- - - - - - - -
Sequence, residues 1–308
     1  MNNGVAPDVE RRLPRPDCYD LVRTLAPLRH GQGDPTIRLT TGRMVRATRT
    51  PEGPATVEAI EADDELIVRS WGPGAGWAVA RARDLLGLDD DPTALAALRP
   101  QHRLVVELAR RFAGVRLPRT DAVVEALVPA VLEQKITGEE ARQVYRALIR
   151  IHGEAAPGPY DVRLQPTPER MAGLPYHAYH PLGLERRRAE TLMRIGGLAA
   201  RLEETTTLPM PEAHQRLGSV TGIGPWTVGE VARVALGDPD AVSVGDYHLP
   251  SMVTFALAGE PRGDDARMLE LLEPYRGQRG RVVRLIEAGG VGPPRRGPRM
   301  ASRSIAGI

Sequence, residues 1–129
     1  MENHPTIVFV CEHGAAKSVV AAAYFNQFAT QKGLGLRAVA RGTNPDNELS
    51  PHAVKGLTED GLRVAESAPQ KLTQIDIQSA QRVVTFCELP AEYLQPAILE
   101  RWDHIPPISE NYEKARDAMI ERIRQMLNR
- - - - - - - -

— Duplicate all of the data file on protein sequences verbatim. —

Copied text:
Sequence, residues 1–308
     1  MNNGVAPDVE RRLPRPDCYD LVRTLAPLRH GQGDPTIRLT TGRMVRATRT
    51  PEGPATVEAI EADDELIVRS WGPGAGWAVA RARDLLGLDD DPTALAALRP
   101  QHRLVVELAR RFAGVRLPRT DAVVEALVPA VLEQKITGEE ARQVYRALIR
   151  IHGEAAPGPY DVRLQPTPER MAGLPYHAYH PLGLERRRAE TLMRIGGLAA
   201  RLEETTTLPM PEAHQRLGSV TGIGPWTVGE VARVALGDPD AVSVGDYHLP
   251  SMVTFALAGE PRGDDARMLE LLEPYRGQRG RVVRLIEAGG VGPPRRGPRM
   301  ASRSIAGI

Sequence, residues 1–129
     1  MENHPTIVFV CEHGAAKSVV AAAYFNQFAT QKGLGLRAVA RGTNPDNELS
    51  PHAVKGLTED GLRVAESAPQ KLTQIDIQSA QRVVTFCELP AEYLQPAILE
   101  RWDHIPPISE NYEKARDAMI ERIRQMLNR